It also wants frizzled ginger – turns out this is just slivers of ginger deep-fried. Painstaking, but simple. And it was possible to find a recipe for truffled ponzu online, though I ended up changing the proportions to balance the taste. With truffle oil, a little goes a long ways as it turns out. Well, that’s mostly it; there were no amusing catastrophes in the creation of this dish. There was a small bit of confusion when I served them up, as some of my teetotalling guests thought they were liquor at first, but eventually everyone tried them and everyone was clamouring for more. Even those more timid folks who were really dubious about a mix of random elements centred around raw fish. I tell you, this one (fiddly though it is to make) is a real favourite of mine. So good! And as I said before, it also looks pretty.

Hamachi shooters on the counter
“Gorn Meat”, or Hamachi, Shots in Truffled Ponzu Sauce

Hm, Trek trivia: well, recently they’ve remastered the original Star Trek series, mostly replacing the special effects shots with newer computer generated models, and cleaned up the prints, but they’ve been pretty rigorous about leaving the live action stuff alone. However, in this particular episode, the Gorn (still looking like a big rubber suit with bulging silver bug eyes) in his opening close-up now has a brief blink. That’s all they added to him, but it is startling to see the first time you watch it, knowing that it was just a rubber suit at the time. Also, any real chemistry teacher would suggest that following Kirk’s actual method would never result in anything like an explosion or a cannon; technique, fine grinding, and exact proportions are what you want for half-decent gunpowder. Still, who needs gunpowder when you’ve got truffled ponzu?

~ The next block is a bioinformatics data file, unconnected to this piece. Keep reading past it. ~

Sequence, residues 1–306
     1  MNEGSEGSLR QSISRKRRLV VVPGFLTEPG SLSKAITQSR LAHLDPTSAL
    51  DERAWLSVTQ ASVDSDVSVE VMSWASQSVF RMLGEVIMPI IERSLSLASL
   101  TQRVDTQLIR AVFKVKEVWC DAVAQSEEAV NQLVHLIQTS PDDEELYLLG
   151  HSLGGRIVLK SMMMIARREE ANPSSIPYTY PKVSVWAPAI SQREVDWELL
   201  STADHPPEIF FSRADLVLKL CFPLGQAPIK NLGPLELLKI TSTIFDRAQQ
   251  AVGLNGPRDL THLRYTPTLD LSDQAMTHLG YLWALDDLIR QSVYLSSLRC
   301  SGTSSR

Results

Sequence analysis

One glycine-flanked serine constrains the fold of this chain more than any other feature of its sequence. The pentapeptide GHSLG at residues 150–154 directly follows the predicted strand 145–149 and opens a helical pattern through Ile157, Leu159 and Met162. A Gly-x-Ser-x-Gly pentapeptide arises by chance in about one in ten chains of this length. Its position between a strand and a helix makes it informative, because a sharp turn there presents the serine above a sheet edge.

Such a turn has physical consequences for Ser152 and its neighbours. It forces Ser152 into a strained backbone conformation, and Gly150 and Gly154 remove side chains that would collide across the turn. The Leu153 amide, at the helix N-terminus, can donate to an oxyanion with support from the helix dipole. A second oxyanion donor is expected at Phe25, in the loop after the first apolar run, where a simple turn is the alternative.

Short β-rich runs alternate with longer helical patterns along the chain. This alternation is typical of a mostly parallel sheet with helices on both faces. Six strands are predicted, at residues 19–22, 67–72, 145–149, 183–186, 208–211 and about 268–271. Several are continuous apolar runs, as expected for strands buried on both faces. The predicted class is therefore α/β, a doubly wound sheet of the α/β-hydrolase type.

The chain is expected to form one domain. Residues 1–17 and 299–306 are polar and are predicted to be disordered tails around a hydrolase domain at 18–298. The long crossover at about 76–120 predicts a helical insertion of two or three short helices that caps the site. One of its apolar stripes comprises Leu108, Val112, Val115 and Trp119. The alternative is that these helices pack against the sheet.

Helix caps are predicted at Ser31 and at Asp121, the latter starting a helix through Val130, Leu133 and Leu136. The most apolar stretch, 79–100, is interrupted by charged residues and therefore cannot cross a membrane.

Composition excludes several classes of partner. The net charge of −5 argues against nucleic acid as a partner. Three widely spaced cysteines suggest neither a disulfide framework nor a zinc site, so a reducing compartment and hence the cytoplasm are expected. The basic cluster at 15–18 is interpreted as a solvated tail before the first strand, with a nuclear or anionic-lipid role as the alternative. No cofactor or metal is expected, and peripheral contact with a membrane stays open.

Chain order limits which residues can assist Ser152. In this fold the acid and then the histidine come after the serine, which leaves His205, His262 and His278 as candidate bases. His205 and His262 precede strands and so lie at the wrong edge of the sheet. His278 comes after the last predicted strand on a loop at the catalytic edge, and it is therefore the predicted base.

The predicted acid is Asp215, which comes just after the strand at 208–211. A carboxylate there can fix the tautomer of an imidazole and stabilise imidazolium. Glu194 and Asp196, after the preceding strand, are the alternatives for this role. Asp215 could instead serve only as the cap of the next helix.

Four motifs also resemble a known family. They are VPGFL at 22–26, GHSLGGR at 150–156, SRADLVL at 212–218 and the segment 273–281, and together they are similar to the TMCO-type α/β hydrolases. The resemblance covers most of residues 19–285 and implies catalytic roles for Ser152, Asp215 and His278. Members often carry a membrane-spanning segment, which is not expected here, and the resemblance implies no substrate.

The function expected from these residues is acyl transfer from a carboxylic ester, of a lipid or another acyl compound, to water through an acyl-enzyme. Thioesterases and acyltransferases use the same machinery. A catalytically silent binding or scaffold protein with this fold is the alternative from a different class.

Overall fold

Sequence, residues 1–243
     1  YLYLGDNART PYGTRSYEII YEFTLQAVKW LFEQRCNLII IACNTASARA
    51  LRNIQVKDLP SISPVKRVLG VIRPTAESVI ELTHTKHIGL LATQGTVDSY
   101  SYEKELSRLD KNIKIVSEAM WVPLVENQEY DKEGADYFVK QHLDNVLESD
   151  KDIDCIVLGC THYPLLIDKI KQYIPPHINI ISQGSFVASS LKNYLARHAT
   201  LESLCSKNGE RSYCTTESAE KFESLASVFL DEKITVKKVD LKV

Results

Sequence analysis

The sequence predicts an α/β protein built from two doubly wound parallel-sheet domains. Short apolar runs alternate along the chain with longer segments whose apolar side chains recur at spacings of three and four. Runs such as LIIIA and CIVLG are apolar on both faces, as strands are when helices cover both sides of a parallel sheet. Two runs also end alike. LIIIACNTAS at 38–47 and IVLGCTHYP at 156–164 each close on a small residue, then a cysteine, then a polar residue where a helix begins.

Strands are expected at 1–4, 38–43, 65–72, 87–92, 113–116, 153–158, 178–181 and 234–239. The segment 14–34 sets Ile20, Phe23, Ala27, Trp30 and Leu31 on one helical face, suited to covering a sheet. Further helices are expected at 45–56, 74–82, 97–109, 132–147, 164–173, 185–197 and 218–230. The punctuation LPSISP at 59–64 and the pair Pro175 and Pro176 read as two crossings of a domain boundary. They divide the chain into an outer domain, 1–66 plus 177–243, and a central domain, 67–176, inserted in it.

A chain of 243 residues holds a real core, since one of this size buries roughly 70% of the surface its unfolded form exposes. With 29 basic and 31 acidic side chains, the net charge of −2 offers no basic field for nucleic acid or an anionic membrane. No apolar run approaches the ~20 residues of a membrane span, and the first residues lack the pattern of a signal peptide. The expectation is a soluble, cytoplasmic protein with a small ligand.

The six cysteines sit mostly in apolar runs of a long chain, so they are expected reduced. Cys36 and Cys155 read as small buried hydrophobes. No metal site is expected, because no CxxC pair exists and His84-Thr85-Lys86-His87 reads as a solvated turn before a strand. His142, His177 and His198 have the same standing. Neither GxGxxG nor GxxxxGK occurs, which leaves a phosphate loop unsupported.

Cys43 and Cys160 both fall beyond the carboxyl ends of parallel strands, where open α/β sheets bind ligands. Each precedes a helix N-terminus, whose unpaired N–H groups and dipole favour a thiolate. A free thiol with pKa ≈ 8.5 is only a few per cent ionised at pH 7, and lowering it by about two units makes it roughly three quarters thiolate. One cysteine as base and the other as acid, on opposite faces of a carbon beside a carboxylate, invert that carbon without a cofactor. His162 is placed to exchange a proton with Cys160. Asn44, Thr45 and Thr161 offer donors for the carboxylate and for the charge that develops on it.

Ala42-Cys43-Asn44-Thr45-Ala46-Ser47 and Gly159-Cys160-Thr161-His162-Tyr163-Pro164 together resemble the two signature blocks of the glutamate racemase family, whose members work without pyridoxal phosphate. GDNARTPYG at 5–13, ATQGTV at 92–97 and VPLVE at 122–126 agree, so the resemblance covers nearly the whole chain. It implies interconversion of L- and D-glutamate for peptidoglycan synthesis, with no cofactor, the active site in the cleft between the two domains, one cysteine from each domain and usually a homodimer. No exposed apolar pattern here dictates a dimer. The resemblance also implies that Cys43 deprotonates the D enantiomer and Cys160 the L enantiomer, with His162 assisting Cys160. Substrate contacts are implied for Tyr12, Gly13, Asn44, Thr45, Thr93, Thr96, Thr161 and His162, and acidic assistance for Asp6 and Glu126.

Alexander’s “The Original” Hamachi Shot (gleefully stolen)

Hamachi (sushi-grade yellowtail)
Truffled ponzu sauce
- ¼ cup Ponzu sauce
- 1 tsp. truffle oil
- 1 minced truffle
Frizzled ginger
- 1 ginger root
- 1 cup vegetable oil
Thinly sliced jalapeño
Avocado cubes
Daikon radish sprouts

  • Truffling ponzu sauce
    1. Buy ponzu sauce from an Asian grocer. It’s Japanese soy sauce with lemon or lime, and some other additives. I do have a recipe for making it from scratch, but I didn’t bother and it tasted just fine.
    2. Add 1 tsp. truffle oil and 1 tsp. chopped truffle for every ¼ cup of ponzu.
  • Frizzling ginger
    1. Cut ginger root into thin slices (ideally using a mandolin), then cut into thin strips or shreds with a knife.
    2. Deep fry in a pot @ 360°F for 3-4 minutes, until brown and crispy, stirring frequently.
  1. Add one “finger” of hamachi, about ½ cm × ½ cm × 2 cm, to glass.
  2. Add two or three frizzled ginger strands.
  3. Add one or two cubes of avocado, about ½ cm³, or the size of your baby fingernail.
  4. Add one thin slice of jalapeño, cleaned of seeds.
  5. Top with a pinch of daikon radish sprouts. Make sure to get two or three leafy heads.
  6. Add two tsp. of truffled ponzu sauce, being sure to stir vigorously first. (The oil tends to separate.)
  7. Serve.

Nothing to it, really, as long as you’ve gone to the trouble of frizzling the ginger, truffling the ponzu, and growing the sprouts ahead of time. And you have to have hors d’œuvre glasses for serving it in (though I bet 2-oz shot glasses would work). Simple, yeah. Go to it!